Psalm 13 | Trusting When You’re Weary
DAVID GOFF | September 10, 2020
How long, O Lord? Will You forget me forever?
How long will You hide Your face from me?
How long shall I take counsel in my soul,
Having sorrow in my heart daily?
How long will my enemy be exalted over me?
Consider and hear
me, O Lord my God;
Enlighten my eyes,
Lest I sleep the sleep of death;
Lest my enemy say,
“I have prevailed against him”;
Lest those who trouble me rejoice when I am moved.
I have trusted in Your mercy;
My heart shall rejoice in Your salvation.
I will sing to the Lord,
Because He has dealt bountifully with me.
Just a few weeks ago, I was awakened in the middle of the night by one of the scariest thunderstorms I’ve ever experienced. Dark storm clouds illuminated as lightning repeatedly flashed, and the windows shook violently due to the thunder.
In a short time, the intensity grew, and the delay between the lightning flash and the thunderclap became shorter and shorter. It was terrifying. And then suddenly it hit. The lightning struck with an explosive crash setting off our fire alarm. We thought for sure we were hit - but it turned out it struck down the street instead. Although the storm finally passed, it was overwhelming.
We all have times when we find ourselves in the middle of a storm. It may be related to our career, friendships, health issues, or a variety of other challenges. When we are in a storm - how do we respond?
When challenges come up - we can make the mistake of becoming overwhelmed and captured by our weariness. When we give in to the weariness, it can fill us with even more grief, leave us feeling hopeless, and in some cases, lead us to physical and spiritual demise.
The good news is the Bible has answers for people in this condition. In Psalm 13, David was in the middle of a storm, waiting for the Lord’s intervention. Yet, David didn’t give in to his weariness. Instead, he trusted in the mercy of God to give him rest - providing us two truths to consider:
The challenges of life can make us weary
In Psalm 13, we see David in a period of darkness that has plagued him for an extended time. In life, some challenges we face seem to come and go fairly quickly - similar to a thunderstorm storm on a summer’s evening. However, the most challenging storms are those that linger on without an end in sight. This is the type of challenge David is going through here.
David’s weary state of mind cries out to God, asking, “How long?” four different times. He feels forgotten, abandoned, in personal sorrow, and marginalized by his enemies.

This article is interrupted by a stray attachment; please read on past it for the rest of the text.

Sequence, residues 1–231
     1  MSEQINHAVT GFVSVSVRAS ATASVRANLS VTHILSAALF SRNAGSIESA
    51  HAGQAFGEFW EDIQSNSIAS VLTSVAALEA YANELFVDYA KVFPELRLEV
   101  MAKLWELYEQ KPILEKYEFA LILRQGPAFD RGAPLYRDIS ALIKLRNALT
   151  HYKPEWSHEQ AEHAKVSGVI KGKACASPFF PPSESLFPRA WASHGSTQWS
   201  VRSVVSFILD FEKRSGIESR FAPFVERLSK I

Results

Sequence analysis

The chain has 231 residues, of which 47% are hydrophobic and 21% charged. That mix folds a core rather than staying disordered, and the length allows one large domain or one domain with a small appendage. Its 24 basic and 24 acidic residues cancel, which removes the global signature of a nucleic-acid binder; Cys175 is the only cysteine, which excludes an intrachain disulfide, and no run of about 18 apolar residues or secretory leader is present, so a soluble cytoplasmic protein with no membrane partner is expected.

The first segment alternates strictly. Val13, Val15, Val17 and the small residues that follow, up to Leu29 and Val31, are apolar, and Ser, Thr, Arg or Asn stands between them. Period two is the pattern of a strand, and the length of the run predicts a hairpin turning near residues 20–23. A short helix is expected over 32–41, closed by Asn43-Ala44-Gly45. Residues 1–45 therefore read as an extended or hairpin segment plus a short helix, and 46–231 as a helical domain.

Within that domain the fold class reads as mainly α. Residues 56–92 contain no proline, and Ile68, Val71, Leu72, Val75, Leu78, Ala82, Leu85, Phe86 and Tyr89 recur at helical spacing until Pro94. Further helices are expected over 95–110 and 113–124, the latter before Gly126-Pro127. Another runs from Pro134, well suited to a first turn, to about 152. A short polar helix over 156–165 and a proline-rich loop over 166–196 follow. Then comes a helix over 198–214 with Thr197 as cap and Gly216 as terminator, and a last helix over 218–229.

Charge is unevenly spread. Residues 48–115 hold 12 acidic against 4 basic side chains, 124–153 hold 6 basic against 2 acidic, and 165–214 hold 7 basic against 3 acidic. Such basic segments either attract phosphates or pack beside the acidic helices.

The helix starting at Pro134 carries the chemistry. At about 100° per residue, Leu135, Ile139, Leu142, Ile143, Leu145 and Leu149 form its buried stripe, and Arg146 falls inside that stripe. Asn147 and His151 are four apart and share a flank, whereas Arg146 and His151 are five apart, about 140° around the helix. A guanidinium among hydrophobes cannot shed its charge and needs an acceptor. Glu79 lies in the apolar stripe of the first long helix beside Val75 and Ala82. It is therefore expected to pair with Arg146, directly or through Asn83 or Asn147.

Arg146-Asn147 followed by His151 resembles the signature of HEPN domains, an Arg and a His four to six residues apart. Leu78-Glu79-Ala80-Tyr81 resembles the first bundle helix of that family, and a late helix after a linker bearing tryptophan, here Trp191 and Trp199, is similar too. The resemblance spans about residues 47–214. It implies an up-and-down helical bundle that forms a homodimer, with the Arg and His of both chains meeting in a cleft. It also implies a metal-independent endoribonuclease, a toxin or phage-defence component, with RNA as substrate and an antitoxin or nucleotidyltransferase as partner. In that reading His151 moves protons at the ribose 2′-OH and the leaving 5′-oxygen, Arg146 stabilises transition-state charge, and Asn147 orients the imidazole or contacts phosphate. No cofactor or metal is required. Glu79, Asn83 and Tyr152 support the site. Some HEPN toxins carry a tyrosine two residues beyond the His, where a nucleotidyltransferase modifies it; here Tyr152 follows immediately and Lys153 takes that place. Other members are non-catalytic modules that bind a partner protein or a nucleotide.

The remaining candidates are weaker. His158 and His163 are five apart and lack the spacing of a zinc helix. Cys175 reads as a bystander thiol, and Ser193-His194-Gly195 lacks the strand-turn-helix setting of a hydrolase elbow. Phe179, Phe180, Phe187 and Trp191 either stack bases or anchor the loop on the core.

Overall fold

Luther describes David’s circumstance like this:
This is a prayer full of the sighings and groanings of an afflicted heart in the hour of darkness, and almost overwhelmed, under that darkness, with the extreme of grief and sorrow, and drive to the greatest strait of mind.
If you are in the middle of a storm right now, you may relate to the description of David’s condition. When we don’t see the relief on the horizon or have hope that things are going to change, we can become discouraged. It is essential to recognize that in situations like this - what we are going through is a spiritual battle. During times like this, Satan may exploit an opening to attack our thought life.
In 2 Corinthians 10:3-5, it says that we are not in a carnal war - but rather a spiritual war. We need to bring every thought into captivity to the obedience of Christ. In addition to working hard to do the right thing and say the right thing, we also need to think about the right things (with God’s enabling power). In regards to our struggles, it may be helpful to consider who is controlling our thoughts?
Now, you may be wondering how exactly do we achieve victory over our weariness and discouragement?
Trust in the Lord leads to renewal
After David reveals his sadness, he prays, “O Lord my God, Enlighten my eyes” (Psalm 13:3). What a humble and beautiful prayer! These words show that although David desired rescue from his circumstances, his hope was the mercy and salvation of the Lord. He knew that without God’s intervention, he was headed for sure ruin. David’s soul was renewed by prayer, trust, and focusing on what God had done in his life.
In our lives, our only hope is a spiritual renewal that comes from a relationship with Jesus Christ. In Matthew 11:28, Jesus invites us:
“Come to me, all you who are weary and burdened, and I will give you rest.” (Matthew 11:28)
Yes, we can cry out that our circumstances be removed. Yet, ultimately, we need to do the same as David and trust in the mercy of the Lord. We have much reason to rejoice - even in the middle of the storm. Our sins are forgiven; we have eternal life and a savior who promises us both mercy and rest.
When we find ourselves in the middle of a storm - we can make the mistake of giving in to weariness and doubt. This will fill us with even more grief, leave us feeling hopeless, and in some cases, lead us to physical and spiritual demise. But when we put our trust in the mercy of the Lord, we can face the storms of life and not be afraid. For He is our salvation and has dealt bountifully with us (13:6).
David Goff is the Associate Pastor of First Baptist Church, Washington MI